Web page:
Just as it does in Treasury debt, QE makes the supply of risk exposure to prepayments and investment grade credit scarce, and portfolios that need that exposure have to pay a higher price. The Fed has bought little corporate credit so far, although the willingness to buy has given a backstop to the market and encouraged capital to flow into investment grade. If the Fed continues to build its share of those markets or backstop them, spreads should remain tight or go tighter.
Exhibit 5: QE has coincided with tighter spreads in agency MBS and IG credit
Main Street Business Lending Program still to come
The Fed’s Main Street Business Lending Program promises to be the biggest of all. The CARES Act gave the Treasury’s Exchange Stabilization Fund $450 billion to use in conjunction with the Fed. The ESF will use the money to put a layer of equity in one or more Fed special purpose vehicles. The equity satisfies a legal requirement to protect the Fed from loss. But the Fed, against every $1 of equity, historically has made $10 in loans out of its SPVs, potentially creating $4.5 trillion in lending for this crisis. And the mandate is to lend to US business without adequate funding available elsewhere.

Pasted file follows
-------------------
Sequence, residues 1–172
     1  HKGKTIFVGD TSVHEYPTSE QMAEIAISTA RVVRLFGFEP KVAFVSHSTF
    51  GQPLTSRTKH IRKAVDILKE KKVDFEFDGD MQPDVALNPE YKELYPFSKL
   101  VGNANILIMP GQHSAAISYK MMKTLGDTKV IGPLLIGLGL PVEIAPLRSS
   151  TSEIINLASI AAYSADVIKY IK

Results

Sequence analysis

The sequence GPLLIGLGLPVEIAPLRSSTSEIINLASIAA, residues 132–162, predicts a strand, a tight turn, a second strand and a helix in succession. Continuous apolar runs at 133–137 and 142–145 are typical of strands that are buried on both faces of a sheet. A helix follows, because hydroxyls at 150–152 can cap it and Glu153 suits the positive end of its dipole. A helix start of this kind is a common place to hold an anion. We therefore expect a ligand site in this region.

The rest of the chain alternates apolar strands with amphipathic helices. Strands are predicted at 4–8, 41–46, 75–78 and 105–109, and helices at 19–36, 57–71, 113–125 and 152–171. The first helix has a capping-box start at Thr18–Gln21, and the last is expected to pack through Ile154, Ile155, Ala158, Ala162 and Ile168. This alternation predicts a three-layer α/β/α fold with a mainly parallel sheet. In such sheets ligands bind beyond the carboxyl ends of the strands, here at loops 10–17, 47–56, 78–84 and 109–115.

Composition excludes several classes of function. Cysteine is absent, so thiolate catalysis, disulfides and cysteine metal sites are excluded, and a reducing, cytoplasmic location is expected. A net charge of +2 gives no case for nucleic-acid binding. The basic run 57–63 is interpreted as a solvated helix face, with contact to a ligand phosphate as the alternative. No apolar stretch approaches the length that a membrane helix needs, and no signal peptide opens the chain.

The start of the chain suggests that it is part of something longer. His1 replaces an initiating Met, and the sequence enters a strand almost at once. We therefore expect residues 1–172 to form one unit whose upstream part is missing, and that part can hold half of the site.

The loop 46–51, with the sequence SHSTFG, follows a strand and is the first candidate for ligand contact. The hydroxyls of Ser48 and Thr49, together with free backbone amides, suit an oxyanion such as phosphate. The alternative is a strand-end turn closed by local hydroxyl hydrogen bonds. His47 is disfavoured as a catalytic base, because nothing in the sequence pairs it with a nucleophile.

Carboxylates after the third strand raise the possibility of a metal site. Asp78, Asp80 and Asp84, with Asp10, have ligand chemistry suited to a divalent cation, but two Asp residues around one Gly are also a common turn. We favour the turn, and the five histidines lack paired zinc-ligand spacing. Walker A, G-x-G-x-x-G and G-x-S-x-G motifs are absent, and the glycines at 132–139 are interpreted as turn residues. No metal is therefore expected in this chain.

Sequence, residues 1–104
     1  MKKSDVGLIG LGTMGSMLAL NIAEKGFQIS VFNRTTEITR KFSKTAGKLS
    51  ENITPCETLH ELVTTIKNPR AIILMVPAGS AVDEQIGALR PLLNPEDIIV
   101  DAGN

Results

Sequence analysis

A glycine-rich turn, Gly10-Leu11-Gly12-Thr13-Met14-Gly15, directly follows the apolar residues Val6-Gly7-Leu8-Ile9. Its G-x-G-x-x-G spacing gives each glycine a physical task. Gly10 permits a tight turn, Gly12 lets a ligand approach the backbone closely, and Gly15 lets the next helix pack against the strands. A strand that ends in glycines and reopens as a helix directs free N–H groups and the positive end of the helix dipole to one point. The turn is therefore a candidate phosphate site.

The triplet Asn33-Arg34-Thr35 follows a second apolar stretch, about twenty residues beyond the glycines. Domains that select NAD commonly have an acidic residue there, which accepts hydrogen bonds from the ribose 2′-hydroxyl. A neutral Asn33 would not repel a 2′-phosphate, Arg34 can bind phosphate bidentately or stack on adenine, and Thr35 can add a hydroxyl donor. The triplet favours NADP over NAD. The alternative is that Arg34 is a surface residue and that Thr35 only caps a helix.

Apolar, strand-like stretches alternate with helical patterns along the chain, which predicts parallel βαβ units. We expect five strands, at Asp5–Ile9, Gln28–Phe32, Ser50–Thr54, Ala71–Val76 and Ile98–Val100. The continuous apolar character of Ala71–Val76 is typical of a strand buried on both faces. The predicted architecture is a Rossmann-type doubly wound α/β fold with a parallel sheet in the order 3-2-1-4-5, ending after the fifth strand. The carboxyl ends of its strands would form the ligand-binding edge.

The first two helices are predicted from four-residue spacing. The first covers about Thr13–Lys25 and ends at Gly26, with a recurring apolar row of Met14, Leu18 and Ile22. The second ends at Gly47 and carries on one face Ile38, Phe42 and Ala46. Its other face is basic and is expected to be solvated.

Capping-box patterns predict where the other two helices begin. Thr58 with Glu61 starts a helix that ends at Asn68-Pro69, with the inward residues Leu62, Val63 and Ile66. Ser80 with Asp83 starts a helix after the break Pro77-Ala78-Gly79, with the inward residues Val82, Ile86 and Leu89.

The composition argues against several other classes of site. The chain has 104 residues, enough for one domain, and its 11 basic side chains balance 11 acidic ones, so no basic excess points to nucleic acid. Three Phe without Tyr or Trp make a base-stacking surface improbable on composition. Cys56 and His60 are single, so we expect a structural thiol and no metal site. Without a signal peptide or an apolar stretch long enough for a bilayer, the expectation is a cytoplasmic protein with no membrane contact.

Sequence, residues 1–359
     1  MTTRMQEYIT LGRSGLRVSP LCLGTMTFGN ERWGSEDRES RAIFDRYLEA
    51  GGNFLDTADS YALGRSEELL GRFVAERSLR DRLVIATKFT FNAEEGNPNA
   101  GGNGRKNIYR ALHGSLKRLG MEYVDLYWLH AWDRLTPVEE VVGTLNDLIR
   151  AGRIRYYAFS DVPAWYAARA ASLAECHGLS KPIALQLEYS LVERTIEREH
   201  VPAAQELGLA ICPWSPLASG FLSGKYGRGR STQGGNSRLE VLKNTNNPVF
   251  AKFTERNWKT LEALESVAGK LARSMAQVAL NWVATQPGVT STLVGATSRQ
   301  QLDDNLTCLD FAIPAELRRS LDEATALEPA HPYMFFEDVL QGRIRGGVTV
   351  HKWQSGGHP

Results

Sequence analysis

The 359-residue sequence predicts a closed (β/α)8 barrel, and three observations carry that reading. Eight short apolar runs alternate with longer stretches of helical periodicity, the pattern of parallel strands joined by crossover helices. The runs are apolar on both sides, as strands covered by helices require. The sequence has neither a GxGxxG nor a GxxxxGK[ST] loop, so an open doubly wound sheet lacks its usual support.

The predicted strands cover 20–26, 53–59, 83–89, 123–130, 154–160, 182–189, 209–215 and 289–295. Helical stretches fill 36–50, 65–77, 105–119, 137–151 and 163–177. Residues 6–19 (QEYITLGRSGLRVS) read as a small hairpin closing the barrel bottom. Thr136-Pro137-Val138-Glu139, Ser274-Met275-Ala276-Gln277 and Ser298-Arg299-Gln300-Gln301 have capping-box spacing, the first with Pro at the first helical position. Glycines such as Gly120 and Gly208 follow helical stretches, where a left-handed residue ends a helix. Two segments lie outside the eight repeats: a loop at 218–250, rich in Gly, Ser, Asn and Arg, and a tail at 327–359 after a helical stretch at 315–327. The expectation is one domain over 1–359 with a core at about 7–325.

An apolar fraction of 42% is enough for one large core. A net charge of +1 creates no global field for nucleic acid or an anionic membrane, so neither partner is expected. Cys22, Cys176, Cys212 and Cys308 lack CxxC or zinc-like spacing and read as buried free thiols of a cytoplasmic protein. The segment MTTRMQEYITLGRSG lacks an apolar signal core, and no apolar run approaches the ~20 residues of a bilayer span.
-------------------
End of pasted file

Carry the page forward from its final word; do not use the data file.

The extraordinary thing about the Main Street program is the Fed’s effort to lend directly to a wider set of businesses than those able to issue investment grade debt. The rules for the program should come out in early April. Besides conventional businesses, it’s conceivable that a broad definition could include securitization trusts, loan funds, debt funds and other financial operations.
No matter the definition, the program puts the Fed in a business traditionally reserved for banks. The Fed no longer is just a lender of last resort to banks and the capital markets; it is about to become a lender of last resort to Main Street and should have effects similar to those seen in capital markets. The supply of lending opportunities available to banks and others should narrow and terms and spreads on the remaining supply should improve.
And just as the Fed has, for practical purposes, become a permanent force in the capital markets generally and in Treasury debt, agency debt and MBS, investment grade corporate debt and ABS specifically, it is likely to become a permanent force in bank lending. Getting into a market has proven far easier for the Fed than getting out.